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Chilcot: The verdict from the UK's media

The long-awaited inquiry into Iraq war was more damning than anticipated, while Tony Blair insists he did right thing.

Tony Blair

by Rachel Shabi

How upset was he, really? For a brief period, as Tony Blair gave a speech in response to the Chilcot Inquiry into the Iraq war that seemed to be the central question for Britain's commentariat: Blair's voice is breaking, is it genuine? Is he about to cry?

Mercifully, such speculation ended swiftly as the former prime minister's speech switched from accepting responsibility to a lengthy and determined insistence that, in sending the UK to war with Iraq in 2003, he had done the right thing, acted in good faith.

We had been told that it would be critical, but when it finally came, Chilcot's 2.6 million-word inquiry, released seven years after it had been commissioned, was far more damning that many had expected.

The US-led invasion of Iraq and its bloody aftermath has killed up to 600,000 people; left many more injured and forced several million people to flee their homes.

The ill-prepared-for aftermath of that war, hollowing out the country's power bases and infrastructures, dismantling the army, casually but actively promoting sectarianism, was calamitous for a country whose people still continue to pay daily, in blood and in misery, for the careless mistakes of their invaders. 

Unequivocal and scathing

In a half-hour summary speech, Chilcot was unequivocal and scathing: the decision to go to war was avoidable, an option taken before all peaceful alternatives had been exhausted.

READ MORE: Tony Blair is rubbing salt into Iraq's wounds

Chilcot made clear there was no credible justification, that the legal case for war was "far from satisfactory", that there was, contrary to claims made at the time, no imminent threat from Saddam Hussein.

Chilcot made clear there was no credible justification, that the legal case for war was 'far from satisfactory', that there was, contrary to claims made at the time, no imminent threat from Saddam Hussein.
Blair and Britain's intelligence services had exaggerated claims of Saddam's WMD (weapons of mass destruction) stockpile, while the then prime minister had ignored warnings that the war would fuel terrorism and have terrible consequences for Iraq. Chilcot also said that Blair had undermined the UN and that preparations for the aftermath of the war were “wholly inadequate”.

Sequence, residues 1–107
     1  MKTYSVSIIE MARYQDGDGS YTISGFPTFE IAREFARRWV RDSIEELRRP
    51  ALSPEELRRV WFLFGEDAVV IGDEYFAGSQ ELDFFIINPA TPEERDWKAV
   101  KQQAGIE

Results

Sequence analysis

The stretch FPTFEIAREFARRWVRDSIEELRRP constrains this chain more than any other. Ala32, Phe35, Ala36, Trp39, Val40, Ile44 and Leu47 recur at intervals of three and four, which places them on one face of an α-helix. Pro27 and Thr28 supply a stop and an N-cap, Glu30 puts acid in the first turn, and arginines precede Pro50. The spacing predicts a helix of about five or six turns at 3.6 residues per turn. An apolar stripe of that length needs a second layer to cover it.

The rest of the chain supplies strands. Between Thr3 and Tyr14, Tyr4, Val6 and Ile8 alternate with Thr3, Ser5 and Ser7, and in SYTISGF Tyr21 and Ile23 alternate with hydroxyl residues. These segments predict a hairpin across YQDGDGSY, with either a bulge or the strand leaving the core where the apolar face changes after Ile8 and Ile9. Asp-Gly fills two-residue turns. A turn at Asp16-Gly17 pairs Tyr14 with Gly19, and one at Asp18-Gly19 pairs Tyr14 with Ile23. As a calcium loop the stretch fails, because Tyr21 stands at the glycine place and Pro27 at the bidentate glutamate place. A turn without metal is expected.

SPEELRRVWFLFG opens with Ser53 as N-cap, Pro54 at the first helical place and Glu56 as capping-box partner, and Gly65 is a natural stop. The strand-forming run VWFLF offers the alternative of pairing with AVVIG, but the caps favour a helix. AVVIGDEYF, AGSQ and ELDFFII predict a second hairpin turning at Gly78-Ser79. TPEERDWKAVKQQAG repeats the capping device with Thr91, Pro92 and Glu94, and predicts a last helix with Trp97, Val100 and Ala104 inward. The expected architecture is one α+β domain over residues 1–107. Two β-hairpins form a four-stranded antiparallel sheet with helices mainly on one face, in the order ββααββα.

This crushing report was far from the whitewash than many had expected. As the BBC's Middle East editor highlighted in response to claims that this inquiry had simply confirmed what many already knew: Its significance is as a "critique from the heart of the UK establishment, backed by documents".

Against such damning criticism, there were still a few mitigating cries from corners of the British media, notably from commentators that had supported either the 2003 war or Tony Blair as leader of the Labour party.

Still necessary to remove Saddam?

Most of this took the line that whatever happened in Iraq next, it was still necessary to remove Saddam Hussein.

One commentator explained why Blair today is "as right as he ever was"; another, writing in the Telegraph, described the invasion as "morally right".

The same paper's front-page headline on the Chilcot report ran Tony Blair's sorry-not-sorry response: "I'd take the same decision" - he would do the same thing today.

Several other papers put Blair's secret note to then US President George Bush - "I'll be with you, whatever" - on the front pages.

That message, eight months before the war and made public by Chilcot yesterday, made clear that Blair had committed Britain to stand alongside the US over Iraq, before UN weapons inspectors had completed their work in that country. 

What might happen, in the weeks to come, is more of a media self-reflection - an exploration of the mechanisms by which, in the lead up to and during the conflict, so much of a nation's media often becomes in some way a part of the war effort, only to wake up to the professional hangover of falling for manipulation in the aftermath.

For now, even critics of the currently embattled Labour leader, Jeremy Corbyn - who opposed the war in 2003 ­- could not fail to note the quiet power of his speech, condemning the war as an "act of military aggression, launched on a false pretext".

Not about being vindicated

He later apologised on behalf of the party, to the people of Iraq, to the families of British army personnel killed in that war and to the British people for being so misled over it.

The Labour leader's humane response to the Chilcot report stood in contrast to that from Prime Minister David Cameron, which seemed to be more of a sort of: "Stuff happens." 

For opponents of the war, back in 2003 as much as now, it is not about being vindicated or being right - for who can find comfort in such things, set against the catastrophe and heartache that was unleashed upon Iraq and the wider Middle East in that reckless invasion. Britain can never undo the horrors inflicted upon the Iraqi people.

But while legal minds mull the potential legal consequences for individuals involved, the Chilcot report should force political and military establishments to look mistakes fully in the eye, internalise them and ensure that such disastrous, unnecessary and avoidable wars do not take place again.

Rachel Shabi is a journalist and author of Not the Enemy: Israel's Jews from Arab Lands.

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